Our Growing Disconnection: The Decline of Nature in Fiction, Film and Song

A brief blog to quickly highlight a research paper just published in Perspectives on Psychological Science. The article opens with reference to the January 2015 letter to OUP protesting at the loss of nature words from the Oxford Junior Dictionary. The study analysed works of popular culture throughout the 20th century, finding a cultural shift away from nature starting in the 1950s. The authors, Kesebir & Kesebir go on to consider what might explain the decline.

Books, films and songs reflect the social context of their time, offering an insight into changes in culture over the years. The authors equate nature connectedness to nature references in such works, arguing firstly that they reflect their creators’ minds and the social scene. Secondly, that the writer will want the work to resonate with their audiences. We’ve only had measures of the psychological construct of nature connectedness for 15 years or so, so such an approach is worthwhile and it produced interesting results.

A nature lexicon of 186 words was used and compared to a comparison set of human-built environment words. The percentage of nature words rose slightly from 1900 through to the 1940s, with a sharp decline from the 1950s through to 2000. An eyeball of the data shows a pause in the 1970s, with clear decrease from the 1980 onwards.

The analysis of film storylines also showed a decline, this time from 1930 through to 2010. The analysis of song lyrics ran from 1950, showing a scattered range of nature word use into the 1970s, but a defined modest reduction from 1980. There’s reason for a little hope though with a rise from 2000 to 2010.

However, the overall trend is clear, nature features significantly less in popular culture today, than it did around 1950. The authors acknowledge that some of this decline relates simply to the use of new words, reducing the frequency of the appearance of older words. However, a parallel pattern was not found in human-made environment words.

Two arguments are often put forward to explain our growing disconnection from nature. Urbanization and Technology. The paper argues that rates of increasing urbanisation don’t mirror the decline of nature words, yet the dawns of new technology do; from television in the 1950s to video games in the 1980s. Perhaps these technologies replaced nature as a source of joy? It seems the technology that defines us as humans shapes us more and more.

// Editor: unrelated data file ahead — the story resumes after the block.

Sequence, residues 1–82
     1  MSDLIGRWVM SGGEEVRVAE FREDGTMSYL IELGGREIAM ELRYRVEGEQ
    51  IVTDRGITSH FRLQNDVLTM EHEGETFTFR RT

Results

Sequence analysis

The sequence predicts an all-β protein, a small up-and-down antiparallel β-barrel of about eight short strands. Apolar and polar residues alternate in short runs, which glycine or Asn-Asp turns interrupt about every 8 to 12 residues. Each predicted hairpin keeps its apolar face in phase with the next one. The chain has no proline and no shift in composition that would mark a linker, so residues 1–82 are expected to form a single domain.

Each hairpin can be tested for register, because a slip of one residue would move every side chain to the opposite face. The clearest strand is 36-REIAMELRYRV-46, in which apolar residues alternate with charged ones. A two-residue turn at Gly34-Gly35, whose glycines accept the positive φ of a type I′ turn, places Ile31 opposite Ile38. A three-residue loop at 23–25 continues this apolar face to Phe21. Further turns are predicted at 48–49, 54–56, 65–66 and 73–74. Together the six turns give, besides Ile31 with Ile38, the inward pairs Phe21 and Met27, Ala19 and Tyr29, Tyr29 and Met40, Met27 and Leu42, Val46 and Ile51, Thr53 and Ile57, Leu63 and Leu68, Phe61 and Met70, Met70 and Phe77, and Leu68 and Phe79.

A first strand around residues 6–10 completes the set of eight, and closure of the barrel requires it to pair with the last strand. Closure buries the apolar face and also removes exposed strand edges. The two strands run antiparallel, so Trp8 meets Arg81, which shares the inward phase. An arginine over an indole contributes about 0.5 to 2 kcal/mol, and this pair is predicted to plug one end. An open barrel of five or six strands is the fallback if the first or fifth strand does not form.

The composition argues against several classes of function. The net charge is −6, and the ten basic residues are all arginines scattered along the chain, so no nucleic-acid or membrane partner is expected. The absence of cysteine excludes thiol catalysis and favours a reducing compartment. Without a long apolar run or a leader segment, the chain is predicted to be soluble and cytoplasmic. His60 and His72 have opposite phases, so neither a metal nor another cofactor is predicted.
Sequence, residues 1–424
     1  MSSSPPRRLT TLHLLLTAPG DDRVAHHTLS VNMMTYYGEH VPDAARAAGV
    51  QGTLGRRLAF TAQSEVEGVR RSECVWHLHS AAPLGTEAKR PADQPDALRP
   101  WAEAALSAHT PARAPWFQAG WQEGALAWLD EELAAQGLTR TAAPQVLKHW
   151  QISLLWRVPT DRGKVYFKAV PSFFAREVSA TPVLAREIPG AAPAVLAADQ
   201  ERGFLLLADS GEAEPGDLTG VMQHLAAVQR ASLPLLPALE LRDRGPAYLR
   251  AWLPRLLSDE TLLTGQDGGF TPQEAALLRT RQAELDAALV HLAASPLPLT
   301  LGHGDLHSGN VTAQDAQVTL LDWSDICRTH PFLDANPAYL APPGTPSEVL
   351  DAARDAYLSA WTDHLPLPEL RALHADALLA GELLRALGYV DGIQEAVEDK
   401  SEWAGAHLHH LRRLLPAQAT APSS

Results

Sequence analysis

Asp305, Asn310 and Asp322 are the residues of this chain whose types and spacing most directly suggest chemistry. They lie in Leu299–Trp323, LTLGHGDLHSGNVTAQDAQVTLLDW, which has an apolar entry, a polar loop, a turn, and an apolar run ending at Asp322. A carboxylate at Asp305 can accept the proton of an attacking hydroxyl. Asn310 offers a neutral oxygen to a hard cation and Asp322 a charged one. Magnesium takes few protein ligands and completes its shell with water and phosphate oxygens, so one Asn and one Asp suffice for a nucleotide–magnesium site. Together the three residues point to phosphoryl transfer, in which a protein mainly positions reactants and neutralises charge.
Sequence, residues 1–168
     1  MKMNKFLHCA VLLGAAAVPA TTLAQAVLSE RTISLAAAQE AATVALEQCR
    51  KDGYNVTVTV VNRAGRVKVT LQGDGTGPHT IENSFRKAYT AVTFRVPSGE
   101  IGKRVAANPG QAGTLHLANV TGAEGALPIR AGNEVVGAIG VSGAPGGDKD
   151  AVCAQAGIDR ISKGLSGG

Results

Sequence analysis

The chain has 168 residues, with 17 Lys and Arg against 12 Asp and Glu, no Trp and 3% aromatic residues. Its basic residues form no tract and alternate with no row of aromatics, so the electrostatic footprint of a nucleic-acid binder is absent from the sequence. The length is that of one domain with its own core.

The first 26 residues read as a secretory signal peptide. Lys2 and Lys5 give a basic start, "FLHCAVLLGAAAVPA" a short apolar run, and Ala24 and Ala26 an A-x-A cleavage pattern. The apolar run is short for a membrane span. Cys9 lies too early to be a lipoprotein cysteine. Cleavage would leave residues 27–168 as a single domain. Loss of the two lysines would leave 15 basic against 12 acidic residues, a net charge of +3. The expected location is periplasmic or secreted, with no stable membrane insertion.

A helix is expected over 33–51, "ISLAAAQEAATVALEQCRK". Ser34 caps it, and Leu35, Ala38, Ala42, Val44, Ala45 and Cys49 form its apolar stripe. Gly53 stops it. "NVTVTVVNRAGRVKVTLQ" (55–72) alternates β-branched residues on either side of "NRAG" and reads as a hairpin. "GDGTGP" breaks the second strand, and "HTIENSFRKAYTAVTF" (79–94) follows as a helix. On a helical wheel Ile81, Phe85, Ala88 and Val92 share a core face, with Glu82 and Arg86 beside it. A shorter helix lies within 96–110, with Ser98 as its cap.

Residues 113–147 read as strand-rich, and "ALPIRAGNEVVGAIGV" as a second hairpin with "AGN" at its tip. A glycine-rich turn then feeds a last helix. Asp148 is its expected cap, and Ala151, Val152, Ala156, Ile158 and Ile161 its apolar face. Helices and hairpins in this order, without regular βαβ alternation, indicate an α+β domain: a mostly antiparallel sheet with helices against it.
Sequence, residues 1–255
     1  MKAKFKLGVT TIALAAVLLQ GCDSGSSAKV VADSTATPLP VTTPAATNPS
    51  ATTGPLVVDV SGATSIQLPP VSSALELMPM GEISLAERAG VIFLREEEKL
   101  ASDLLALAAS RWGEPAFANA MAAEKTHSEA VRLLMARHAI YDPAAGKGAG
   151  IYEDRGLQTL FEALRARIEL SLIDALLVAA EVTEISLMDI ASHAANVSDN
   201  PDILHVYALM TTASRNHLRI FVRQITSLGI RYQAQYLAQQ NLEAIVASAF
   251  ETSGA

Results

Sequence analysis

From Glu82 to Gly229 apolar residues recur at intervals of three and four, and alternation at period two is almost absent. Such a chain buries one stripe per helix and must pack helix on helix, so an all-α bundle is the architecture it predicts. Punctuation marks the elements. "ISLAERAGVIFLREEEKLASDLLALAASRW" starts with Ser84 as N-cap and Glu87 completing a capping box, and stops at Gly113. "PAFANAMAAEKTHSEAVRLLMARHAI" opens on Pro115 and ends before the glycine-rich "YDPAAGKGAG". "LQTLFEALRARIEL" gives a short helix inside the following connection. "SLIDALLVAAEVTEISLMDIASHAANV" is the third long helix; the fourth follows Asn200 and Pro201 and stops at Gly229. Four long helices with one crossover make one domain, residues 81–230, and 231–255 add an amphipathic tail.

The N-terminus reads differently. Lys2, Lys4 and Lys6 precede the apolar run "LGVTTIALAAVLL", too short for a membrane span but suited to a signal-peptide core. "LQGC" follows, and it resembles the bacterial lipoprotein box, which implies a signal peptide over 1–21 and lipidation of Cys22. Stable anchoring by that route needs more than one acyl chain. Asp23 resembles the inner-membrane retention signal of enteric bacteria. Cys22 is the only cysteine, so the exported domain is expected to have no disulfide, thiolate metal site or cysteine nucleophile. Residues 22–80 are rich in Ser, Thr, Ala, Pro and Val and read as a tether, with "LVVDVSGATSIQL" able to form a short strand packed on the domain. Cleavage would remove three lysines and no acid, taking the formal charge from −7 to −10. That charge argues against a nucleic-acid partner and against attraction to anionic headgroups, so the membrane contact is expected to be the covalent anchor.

In the conclusion a cause for concern is noted – books, film and music not only reflect culture, they also shape it. Nature seems less worthy of attention, less likely to be a source of joy and wellbeing.

Such concerns lie at the heart of my research into ways to increase nature connection. One successful method is getting people to pay attention, to encourage them to find joy in nature through writing. We used one of the software packages used in the research above (LIWC), to study the sentences written by people asked to note down the good things in nature each day – thankfully people were happy to engage, they just needed a prompt. The key aspects of their sentences were sensations, changes over time, active wildlife, beauty and the interaction of weather and natural forms. These five themes accounted for over 70% of the sentences that people wrote as they went about their day-to-day activities in a predominately urban landscapes, helping us understand how to engage people with nature in an everyday context – focus on the senses, change, activity and nature’s beauty. Or simply ask people to note the good things in nature each day, it led to sustained increases in nature connection and wellbeing. We’ll be prompting the people of Sheffield to do that this summer in our IWUN research project.

 

Kesebir, S., & Kesebir, P. (2017). A Growing Disconnection From Nature Is Evident in Cultural Products. Perspectives on Psychological Science, 12(2), 258-269.

Richardson, M. & Sheffield, D. (2017). Three good things in nature: Noticing nearby nature brings sustained increases in connection with nature. Psyecology.

Richardson, M., Hallam, J., & Lumber, R. (2015). One thousand good things in nature: Aspects of nearby nature associated with improved connection to natureEnvironmental Values24(5), 603-619.

 

Don’t forget – Nature Connections 2017 – Beyond Contact to Connection.

 

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About Miles

Applied psychologist researching our connection with nature and ways to improve it. Good for nature, good for you.
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2 Responses to Our Growing Disconnection: The Decline of Nature in Fiction, Film and Song

  1. Mary says:

    While I would agree, at least we are trying. See eco-fiction.com for an upward trend in authors tackling climate change, for instance.

  2. Pingback: Is Instagram ruining the outdoors? – Mountain Journal

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